And this is the log file that lists all the results of the script execution – picture below:

LogFile

In the scrip above, I would like to draw your attention to the two following sections. The first one, if you have PowerShell module installed on your computer you will have option to Import-Module ‘ActiveDirectory’ and use the following section in this script:


Import-Module ActiveDirectory
$myOU = "OU=AFL-Computers,OU=AFL,OU=Accounts,DC=Test,DC=com"

$PCcollection = (Get-ADComputer -Filter {(Name -like "AFL-*")} -SearchBase $myOU -Properties Name |
 Select-Object -ExpandProperty Name |Sort)
$reachedPCs = (Import-Csv -Path $csvFilePath | Select-Object -ExpandProperty Name)

Otherwise you can use ADSI to get your computers collections as shown in the first script above.

The second one, it applies to an array in a loop. To speed up an array, which takes a lot of time using the operator “+=”, you should try to use ArrayList, as follows:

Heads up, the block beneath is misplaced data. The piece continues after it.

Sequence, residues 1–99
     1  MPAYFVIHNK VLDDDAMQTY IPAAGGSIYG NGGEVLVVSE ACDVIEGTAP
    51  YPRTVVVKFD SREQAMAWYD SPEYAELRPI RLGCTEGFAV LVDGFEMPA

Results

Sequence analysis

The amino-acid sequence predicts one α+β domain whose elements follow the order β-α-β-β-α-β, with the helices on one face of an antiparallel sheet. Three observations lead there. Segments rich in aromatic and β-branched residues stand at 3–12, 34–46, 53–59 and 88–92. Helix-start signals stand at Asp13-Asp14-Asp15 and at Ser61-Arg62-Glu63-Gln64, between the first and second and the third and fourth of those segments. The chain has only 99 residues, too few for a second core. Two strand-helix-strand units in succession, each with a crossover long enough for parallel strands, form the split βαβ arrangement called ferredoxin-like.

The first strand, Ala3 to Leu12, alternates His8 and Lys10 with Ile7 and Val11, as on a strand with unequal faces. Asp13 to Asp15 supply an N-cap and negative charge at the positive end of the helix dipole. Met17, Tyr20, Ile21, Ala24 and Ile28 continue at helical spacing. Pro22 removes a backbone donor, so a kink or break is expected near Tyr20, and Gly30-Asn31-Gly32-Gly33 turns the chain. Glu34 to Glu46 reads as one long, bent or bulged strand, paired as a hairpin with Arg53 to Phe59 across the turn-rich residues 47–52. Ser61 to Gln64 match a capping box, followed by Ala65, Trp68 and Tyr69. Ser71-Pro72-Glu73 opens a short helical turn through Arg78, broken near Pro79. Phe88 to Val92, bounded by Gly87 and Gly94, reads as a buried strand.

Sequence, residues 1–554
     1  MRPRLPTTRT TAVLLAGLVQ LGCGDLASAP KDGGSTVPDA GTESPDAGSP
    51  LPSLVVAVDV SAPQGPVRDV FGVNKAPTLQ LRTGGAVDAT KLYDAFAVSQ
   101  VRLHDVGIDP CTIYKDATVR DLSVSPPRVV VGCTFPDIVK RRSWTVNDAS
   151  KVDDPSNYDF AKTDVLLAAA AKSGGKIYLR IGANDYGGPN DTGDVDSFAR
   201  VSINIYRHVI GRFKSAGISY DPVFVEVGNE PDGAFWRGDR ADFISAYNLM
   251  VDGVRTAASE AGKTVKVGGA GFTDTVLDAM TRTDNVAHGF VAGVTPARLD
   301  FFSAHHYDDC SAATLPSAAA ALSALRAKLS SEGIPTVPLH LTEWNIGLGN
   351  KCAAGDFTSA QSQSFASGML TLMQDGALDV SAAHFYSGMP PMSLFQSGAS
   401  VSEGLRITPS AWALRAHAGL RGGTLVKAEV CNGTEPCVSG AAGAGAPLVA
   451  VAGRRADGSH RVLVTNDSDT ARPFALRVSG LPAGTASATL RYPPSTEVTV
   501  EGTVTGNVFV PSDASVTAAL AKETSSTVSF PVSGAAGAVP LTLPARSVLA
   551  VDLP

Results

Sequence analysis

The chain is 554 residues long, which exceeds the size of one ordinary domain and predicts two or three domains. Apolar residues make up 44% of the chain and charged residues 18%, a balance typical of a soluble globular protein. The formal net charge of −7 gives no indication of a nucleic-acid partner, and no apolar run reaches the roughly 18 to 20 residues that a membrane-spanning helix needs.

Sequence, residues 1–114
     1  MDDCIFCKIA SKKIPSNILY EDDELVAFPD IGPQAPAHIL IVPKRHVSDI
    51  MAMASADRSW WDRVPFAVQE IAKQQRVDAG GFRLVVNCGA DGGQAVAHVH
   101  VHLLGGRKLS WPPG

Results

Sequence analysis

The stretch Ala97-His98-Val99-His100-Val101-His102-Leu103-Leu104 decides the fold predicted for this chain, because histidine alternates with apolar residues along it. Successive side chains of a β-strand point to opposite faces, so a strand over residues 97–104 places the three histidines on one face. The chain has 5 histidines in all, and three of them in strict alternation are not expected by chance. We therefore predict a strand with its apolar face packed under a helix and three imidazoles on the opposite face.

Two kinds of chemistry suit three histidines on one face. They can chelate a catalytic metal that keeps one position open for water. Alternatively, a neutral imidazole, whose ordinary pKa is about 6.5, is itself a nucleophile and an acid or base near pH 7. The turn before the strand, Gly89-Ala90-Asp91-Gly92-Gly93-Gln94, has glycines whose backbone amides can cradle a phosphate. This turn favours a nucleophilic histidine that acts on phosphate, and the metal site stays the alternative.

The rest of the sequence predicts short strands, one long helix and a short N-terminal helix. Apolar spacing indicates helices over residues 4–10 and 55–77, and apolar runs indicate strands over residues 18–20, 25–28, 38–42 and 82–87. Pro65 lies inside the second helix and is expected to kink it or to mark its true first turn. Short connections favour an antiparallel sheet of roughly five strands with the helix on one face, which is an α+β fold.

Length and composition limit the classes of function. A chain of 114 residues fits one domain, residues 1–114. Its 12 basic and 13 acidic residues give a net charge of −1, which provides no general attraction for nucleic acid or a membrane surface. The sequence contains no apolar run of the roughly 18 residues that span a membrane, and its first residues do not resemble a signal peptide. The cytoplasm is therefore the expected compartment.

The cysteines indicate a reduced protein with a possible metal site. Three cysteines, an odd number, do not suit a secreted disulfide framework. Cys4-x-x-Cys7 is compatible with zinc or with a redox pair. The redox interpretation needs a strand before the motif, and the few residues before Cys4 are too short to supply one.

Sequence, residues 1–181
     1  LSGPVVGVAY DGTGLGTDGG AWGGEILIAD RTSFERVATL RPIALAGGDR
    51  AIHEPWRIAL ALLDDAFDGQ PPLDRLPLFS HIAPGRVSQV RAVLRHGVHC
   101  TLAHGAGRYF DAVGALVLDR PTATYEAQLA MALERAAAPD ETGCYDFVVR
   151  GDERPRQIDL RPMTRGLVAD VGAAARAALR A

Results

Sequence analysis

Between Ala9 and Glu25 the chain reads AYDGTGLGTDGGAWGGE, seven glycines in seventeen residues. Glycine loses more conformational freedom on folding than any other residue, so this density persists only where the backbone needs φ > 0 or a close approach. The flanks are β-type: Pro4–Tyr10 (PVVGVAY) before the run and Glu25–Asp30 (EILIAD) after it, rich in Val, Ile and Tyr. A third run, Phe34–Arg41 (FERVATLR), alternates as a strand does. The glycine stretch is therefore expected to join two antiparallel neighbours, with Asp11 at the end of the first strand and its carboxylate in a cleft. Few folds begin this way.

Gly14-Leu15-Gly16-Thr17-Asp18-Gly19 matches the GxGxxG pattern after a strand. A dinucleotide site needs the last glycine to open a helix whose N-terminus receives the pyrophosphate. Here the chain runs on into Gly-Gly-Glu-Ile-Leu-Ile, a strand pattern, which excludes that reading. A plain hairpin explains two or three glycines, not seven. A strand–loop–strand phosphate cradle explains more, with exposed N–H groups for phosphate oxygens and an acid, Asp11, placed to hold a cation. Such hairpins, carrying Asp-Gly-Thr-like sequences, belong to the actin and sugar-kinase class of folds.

$outputArray = New-Object -TypeName System.Collections.ArrayList
$row = ""|Select Name, SEP, SEPVersion, FlashPlayer, FPlayerVersion, FPPlugin, FPPluginVersion
            $row.Name = $pcItem.ToString()
            $row.SEP = "Symantec Endpoint Protection"
            $row.SEPVersion = $VersionSEP
            $row.FlashPlayer = "Flash Player"
            $row.FPlayerVersion = $VersionFP
            $row.FPPlugin = "Flash Player Plugin"
            $row.FPPluginVersion = $VersionFPlug
$outputArray.Add($row)

The Query-SoftwareOnRemotePc.ps1 scripts (both versions: ADSI and ActiveDirectory module) could be found in the download section, under PowerShell.





Please note: Although the author has made every reasonable attempt to achieve complete accuracy of the content, he assumes no responsibility for errors or omissions. Also, you should use this information as you see fit, and at your own risk.